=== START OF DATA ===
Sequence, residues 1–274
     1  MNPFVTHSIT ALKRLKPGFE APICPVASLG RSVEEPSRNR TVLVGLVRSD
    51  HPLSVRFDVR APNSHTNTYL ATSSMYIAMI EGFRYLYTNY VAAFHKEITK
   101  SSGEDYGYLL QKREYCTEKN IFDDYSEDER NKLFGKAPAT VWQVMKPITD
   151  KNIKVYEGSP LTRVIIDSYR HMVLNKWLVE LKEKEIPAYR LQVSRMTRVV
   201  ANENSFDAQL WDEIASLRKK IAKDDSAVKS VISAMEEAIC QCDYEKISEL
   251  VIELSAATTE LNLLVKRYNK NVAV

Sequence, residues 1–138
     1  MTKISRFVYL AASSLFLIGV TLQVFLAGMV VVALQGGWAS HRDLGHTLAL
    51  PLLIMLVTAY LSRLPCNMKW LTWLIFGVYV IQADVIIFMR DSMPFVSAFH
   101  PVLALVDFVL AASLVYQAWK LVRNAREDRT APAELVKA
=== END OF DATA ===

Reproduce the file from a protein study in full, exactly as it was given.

Sequence, residues 1–274
     1  MNPFVTHSIT ALKRLKPGFE APICPVASLG RSVEEPSRNR TVLVGLVRSD
    51  HPLSVRFDVR APNSHTNTYL ATSSMYIAMI EGFRYLYTNY VAAFHKEITK
   101  SSGEDYGYLL QKREYCTEKN IFDDYSEDER NKLFGKAPAT VWQVMKPITD
   151  KNIKVYEGSP LTRVIIDSYR HMVLNKWLVE LKEKEIPAYR LQVSRMTRVV
   201  ANENSFDAQL WDEIASLRKK IAKDDSAVKS VISAMEEAIC QCDYEKISEL
   251  VIELSAATTE LNLLVKRYNK NVAV

Sequence, residues 1–138
     1  MTKISRFVYL AASSLFLIGV TLQVFLAGMV VVALQGGWAS HRDLGHTLAL
    51  PLLIMLVTAY LSRLPCNMKW LTWLIFGVYV IQADVIIFMR DSMPFVSAFH
   101  PVLALVDFVL AASLVYQAWK LVRNAREDRT APAELVKA